STUART, Fla. — The Martin County School District will not delay the start of the school year.
The school board voted late Tuesday 4-1 to approve the original calendar for the school year, starting the 2020-21 school year Aug. 11.
The school board and Martin County teacher's union both expressed a desire to delay the school year by two weeks, but their negotiations failed.
School board member Marsha Powers said school leaders told the community they would have a school start date decision by Tuesday night. To meet that promise and meet a Friday deadline to submit the school start plan to the state, Powers said they had limited options.
"I don't really know why we couldn't [come to an agreement] from their perspective, but this is going to be the best way for us to move along," Powers said. "Parents and teachers needed to know. Give them a start date so they can plan for their own families and their own child-care needs."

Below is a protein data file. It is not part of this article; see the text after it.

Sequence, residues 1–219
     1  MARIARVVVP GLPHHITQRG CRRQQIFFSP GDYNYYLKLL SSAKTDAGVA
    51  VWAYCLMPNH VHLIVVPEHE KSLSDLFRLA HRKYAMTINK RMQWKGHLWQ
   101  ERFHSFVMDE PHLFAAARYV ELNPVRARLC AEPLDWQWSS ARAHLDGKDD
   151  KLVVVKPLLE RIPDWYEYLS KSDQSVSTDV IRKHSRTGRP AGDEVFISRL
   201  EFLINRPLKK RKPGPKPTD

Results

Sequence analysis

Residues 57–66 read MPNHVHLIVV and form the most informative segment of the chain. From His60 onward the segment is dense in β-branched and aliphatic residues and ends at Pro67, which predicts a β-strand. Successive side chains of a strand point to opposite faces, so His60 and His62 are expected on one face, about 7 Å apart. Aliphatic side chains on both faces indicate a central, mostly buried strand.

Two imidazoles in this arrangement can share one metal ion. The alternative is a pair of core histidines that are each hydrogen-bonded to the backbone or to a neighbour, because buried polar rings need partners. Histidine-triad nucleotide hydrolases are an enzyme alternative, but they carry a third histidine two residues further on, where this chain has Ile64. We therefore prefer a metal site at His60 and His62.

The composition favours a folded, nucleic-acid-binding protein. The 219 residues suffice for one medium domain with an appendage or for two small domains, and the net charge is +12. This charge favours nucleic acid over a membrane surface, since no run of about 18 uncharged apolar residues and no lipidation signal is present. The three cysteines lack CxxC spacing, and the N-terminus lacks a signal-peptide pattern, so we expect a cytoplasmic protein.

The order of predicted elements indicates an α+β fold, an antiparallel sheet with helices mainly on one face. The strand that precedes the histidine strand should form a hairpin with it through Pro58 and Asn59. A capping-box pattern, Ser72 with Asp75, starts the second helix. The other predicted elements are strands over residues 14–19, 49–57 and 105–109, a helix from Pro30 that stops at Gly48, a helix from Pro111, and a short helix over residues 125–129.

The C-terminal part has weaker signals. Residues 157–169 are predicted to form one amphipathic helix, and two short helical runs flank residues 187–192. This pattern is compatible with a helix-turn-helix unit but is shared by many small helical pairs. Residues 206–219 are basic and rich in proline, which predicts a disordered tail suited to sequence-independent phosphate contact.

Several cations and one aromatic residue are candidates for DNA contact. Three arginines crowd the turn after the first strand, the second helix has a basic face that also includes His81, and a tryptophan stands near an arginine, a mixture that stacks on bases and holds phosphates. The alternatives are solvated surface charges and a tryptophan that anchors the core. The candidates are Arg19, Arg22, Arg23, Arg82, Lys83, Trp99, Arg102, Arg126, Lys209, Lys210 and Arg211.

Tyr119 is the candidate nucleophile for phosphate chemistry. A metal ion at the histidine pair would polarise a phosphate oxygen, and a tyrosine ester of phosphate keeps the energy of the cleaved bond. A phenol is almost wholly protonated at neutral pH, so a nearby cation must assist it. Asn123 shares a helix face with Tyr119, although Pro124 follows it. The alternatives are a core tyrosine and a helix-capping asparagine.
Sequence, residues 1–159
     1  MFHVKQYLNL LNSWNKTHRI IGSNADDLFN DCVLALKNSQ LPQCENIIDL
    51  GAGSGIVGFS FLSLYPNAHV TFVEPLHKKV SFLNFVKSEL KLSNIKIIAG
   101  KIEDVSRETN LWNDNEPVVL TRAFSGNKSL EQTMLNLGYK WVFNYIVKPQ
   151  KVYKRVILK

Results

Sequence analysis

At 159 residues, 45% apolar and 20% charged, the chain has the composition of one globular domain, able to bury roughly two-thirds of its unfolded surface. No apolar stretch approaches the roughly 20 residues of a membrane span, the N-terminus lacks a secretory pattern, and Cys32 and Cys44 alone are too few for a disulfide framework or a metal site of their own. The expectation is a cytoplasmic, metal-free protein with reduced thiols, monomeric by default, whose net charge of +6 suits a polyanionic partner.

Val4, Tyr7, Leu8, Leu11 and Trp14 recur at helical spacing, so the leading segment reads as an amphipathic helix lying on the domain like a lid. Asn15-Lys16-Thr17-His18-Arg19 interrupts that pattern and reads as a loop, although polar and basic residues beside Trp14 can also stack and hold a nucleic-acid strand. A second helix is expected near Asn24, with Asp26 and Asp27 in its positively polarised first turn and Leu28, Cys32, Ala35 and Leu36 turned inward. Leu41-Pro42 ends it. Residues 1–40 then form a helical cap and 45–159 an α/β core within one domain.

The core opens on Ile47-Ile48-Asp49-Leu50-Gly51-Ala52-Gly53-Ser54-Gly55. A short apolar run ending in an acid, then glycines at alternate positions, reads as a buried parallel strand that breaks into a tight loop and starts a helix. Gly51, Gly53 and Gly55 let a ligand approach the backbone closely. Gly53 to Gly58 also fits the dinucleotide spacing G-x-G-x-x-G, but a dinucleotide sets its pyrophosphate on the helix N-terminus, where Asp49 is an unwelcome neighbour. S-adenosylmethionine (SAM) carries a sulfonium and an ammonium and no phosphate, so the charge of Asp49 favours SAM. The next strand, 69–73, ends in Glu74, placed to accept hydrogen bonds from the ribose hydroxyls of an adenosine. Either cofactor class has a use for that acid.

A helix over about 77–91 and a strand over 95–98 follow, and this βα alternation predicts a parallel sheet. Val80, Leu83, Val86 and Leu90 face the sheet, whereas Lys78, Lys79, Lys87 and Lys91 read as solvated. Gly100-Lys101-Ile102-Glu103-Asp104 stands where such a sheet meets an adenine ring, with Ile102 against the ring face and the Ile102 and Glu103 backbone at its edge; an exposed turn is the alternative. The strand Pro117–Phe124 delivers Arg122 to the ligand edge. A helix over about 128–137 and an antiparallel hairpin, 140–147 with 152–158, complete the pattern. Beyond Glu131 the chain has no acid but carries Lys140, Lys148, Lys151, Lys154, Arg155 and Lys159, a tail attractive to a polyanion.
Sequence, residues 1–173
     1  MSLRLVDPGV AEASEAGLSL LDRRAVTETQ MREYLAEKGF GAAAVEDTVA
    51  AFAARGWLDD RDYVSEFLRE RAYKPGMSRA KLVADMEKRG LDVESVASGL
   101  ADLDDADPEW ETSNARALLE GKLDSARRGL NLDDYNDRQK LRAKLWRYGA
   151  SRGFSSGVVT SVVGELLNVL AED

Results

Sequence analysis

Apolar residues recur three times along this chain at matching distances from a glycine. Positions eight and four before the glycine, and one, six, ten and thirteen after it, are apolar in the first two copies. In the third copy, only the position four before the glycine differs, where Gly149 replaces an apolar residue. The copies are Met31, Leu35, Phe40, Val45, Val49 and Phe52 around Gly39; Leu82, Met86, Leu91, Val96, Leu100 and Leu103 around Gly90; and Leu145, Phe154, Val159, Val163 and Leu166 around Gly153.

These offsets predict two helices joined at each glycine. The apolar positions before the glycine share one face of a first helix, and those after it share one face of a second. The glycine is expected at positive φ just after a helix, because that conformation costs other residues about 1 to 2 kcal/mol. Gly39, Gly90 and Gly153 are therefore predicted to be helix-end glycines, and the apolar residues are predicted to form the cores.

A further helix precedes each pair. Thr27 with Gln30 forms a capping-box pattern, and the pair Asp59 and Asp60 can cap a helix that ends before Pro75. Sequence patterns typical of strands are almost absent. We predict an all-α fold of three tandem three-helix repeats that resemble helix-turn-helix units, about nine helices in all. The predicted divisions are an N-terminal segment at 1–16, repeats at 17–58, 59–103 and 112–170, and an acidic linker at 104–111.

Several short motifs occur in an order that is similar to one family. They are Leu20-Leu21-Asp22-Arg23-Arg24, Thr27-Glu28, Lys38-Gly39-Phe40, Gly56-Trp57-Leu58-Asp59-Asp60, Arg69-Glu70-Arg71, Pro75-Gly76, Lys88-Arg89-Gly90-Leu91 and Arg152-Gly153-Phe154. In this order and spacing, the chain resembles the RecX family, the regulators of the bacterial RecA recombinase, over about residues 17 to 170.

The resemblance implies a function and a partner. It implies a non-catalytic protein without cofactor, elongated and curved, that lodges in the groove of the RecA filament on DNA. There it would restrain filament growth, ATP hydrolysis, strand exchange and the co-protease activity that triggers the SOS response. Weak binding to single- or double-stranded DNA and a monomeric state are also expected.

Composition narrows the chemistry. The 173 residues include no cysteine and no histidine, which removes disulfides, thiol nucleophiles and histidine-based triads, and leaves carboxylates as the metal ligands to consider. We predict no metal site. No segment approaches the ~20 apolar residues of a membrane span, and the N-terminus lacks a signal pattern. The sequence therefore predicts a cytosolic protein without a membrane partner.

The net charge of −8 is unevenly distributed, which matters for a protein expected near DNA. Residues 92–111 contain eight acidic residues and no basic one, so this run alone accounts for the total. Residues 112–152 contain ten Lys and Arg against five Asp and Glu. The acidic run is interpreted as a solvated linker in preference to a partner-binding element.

Teachers have to work 196 days to meet payroll requirements.
Karen Resciniti, president of the Martin County Education Association, said there were multiple issues in negotiations, including how some of the school days would be made up if the school year were delayed by two weeks.
"We had some real issues with the language and we had some calendar issues," she said. "We were hoping to get teachers and students back some of the days from Thanksgiving and winter break that were taken away, so we're trying to get some of those days back. But, again, the language, there was some very poor language for teachers that we feel would waive our rights on a lot of other bargaining issues."
The school board briefly discussed the possibility of doing all remote learning for two weeks and then opening the brick-and-mortar option Aug. 25. That option presented a host of other issues, such as a lapse in pay for bus drivers, making sure there were enough laptops to provide to all students and child-care issues.
Powers assures concerned teachers that the district is working diligently to address any safety concerns.
"I feel really comfortable with all of the things our staff are doing to make it as safe as possible for children to return to school and teachers to return to school," Powers said.
Thirty-seven% of Martin County students opted for remote learning when school starts.